The two-decade conflict in 19th century in Mexico is considered a dirty war due to the human rights violations that occurred between the army and the citizens. Its impact still affects a number of people, especially those who survived from clandestine camps, including me.
The Mexican Dirty War started in early October of 1968, just days before our first Olympic Games. It began with a massacre took place in the Tlatelolco section of Mexican City and then spread throughout the whole country. During that time, Gustavo Diaz Ordaz, Luis Echeverria and Jose Lopez Portillo were the presidents of Mexico, who should take responsibility for the abuse of power of the army. They intentionally overlooked the fact that the army tortured the citizens to suppress the rebels. Known as guerrilla fighters, a group of people rose in order to fight against the army and to protect the Mexicans. I was a guerrilla fighter and I am proud that I revolted against violations although I had to separate from my family and my friends and live secretly. The picture above shows several other female prisoners and me at Santa Martha Acatitla prison in the 1970s. Personally, I am glad that there were many like-minded women who were not afraid of the army and were willing to devote them into the pursuit of equality and democracy.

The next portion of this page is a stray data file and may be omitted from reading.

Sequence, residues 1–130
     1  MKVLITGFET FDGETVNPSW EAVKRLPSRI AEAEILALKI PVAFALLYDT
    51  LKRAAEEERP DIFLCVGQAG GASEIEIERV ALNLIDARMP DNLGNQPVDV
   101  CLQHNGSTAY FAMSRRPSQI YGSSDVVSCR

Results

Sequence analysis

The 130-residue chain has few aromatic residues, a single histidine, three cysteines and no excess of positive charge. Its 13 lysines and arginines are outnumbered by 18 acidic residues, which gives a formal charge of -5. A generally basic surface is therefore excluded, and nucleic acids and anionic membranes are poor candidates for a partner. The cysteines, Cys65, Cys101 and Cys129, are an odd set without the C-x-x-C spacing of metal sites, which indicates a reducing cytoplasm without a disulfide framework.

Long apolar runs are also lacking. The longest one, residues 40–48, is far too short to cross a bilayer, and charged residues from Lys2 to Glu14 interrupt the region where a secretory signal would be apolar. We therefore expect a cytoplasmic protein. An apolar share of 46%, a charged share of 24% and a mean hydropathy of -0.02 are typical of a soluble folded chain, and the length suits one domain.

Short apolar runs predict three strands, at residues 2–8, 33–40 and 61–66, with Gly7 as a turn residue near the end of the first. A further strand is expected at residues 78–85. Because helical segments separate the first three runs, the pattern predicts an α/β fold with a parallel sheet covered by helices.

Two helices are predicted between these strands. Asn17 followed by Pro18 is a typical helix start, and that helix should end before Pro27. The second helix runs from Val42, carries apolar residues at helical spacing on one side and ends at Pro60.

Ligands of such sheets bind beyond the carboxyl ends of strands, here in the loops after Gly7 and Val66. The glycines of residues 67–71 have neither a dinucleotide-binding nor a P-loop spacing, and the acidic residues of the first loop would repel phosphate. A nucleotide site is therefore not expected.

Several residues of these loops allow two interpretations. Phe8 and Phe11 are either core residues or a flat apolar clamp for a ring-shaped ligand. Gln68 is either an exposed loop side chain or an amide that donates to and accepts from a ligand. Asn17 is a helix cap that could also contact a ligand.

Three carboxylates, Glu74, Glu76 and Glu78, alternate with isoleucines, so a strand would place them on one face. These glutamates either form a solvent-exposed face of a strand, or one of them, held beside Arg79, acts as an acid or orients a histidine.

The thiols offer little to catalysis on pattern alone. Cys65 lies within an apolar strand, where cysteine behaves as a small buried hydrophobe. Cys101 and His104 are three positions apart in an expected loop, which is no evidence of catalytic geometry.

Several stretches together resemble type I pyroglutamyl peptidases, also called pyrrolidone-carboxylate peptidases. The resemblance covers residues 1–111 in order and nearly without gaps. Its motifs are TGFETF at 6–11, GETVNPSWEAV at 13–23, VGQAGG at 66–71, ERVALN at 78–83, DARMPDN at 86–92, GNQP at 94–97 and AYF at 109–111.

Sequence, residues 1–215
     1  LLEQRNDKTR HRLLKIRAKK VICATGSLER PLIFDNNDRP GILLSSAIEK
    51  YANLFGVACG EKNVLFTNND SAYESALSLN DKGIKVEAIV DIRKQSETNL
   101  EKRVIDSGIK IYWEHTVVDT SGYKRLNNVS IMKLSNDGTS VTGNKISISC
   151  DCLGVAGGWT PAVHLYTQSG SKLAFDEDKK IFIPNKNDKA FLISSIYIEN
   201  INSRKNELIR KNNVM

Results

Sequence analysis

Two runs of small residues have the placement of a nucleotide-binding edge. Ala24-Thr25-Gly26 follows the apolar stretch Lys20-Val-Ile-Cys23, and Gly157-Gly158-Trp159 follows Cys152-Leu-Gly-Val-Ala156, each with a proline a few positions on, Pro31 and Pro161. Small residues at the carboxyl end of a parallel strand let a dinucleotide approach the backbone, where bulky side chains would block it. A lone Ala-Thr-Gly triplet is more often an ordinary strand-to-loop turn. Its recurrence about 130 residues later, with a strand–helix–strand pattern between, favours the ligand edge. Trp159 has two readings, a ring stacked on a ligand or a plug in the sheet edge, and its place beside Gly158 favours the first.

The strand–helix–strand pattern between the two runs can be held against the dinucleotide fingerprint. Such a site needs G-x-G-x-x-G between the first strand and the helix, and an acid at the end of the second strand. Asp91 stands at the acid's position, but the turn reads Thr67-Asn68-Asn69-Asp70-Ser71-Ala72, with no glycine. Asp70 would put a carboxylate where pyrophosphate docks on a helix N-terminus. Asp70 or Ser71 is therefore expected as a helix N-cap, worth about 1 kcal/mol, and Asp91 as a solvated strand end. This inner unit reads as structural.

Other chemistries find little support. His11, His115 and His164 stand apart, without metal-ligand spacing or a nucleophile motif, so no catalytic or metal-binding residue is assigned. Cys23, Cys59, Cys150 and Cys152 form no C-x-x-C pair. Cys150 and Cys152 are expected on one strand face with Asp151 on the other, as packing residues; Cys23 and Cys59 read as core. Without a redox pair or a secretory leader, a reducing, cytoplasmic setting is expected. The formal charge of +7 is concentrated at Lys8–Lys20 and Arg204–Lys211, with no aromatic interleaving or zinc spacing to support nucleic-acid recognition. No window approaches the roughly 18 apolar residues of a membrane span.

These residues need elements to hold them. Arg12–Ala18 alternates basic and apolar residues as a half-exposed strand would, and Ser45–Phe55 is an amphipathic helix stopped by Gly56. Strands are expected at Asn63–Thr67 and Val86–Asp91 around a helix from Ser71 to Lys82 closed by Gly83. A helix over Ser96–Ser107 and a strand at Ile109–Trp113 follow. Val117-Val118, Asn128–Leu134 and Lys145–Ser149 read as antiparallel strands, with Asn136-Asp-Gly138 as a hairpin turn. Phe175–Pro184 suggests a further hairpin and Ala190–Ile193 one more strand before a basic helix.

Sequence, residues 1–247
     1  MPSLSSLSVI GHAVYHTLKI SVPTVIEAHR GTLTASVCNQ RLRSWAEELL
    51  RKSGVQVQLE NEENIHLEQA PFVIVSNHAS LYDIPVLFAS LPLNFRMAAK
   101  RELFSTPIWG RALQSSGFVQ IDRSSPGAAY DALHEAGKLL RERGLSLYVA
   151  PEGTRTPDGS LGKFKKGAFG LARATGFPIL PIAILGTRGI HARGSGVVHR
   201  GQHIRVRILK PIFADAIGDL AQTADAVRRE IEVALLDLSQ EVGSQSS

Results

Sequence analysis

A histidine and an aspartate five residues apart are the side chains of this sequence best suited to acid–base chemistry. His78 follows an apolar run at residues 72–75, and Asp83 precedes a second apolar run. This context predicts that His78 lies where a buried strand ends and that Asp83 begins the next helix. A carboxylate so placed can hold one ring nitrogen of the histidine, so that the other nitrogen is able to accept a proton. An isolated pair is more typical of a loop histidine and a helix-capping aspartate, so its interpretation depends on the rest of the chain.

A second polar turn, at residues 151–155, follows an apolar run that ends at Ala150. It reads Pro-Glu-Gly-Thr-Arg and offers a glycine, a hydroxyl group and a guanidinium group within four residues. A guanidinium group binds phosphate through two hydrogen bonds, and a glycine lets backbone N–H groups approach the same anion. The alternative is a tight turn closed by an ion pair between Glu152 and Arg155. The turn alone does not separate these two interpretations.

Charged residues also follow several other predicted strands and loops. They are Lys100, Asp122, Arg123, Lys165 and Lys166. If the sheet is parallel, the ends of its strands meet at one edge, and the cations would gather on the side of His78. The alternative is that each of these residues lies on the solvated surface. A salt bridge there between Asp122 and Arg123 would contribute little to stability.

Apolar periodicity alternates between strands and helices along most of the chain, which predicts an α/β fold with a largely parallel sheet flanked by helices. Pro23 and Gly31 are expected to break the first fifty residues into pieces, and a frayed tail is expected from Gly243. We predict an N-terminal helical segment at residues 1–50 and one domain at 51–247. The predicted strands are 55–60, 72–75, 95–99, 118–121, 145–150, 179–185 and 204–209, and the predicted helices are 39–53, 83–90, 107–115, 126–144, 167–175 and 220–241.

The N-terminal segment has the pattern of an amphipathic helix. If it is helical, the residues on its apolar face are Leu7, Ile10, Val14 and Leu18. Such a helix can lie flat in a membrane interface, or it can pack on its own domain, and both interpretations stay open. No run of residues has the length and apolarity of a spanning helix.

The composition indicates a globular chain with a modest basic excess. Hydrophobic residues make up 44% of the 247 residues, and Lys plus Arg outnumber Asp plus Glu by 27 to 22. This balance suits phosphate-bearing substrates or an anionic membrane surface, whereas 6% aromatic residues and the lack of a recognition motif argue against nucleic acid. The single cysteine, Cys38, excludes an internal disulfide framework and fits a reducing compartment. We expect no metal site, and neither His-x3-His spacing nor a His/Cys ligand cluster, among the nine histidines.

Institutional Revolutionary Party or PRI controlled the Mexican government in the 1960s. When a rising student movement occurred before the opening of Olympic Games because of Diaz Ordaz’s policy of favoring upper ruling class, PRI decided to open fire to peaceful protests because the country couldn’t afford to appear unstable or divided in front of other countries. As a result, hundreds of Mexicans were killed. However, the massacre didn’t stop the Mexicans who believed that a democratic country was close. I joined a couple of rebellions before I was captured and sent into a clandestine camp. Illegal detentions, torture and increasing disappearance occurred in those...
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